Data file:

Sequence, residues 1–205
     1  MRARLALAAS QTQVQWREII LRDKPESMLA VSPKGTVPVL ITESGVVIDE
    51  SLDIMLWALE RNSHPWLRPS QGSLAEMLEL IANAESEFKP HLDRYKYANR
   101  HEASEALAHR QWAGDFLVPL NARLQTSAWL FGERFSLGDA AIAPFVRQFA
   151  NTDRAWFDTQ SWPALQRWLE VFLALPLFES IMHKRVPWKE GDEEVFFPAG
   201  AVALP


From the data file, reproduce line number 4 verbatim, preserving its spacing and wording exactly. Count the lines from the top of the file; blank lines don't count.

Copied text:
   101  HEASEALAHR QWAGDFLVPL NARLQTSAWL FGERFSLGDA AIAPFVRQFA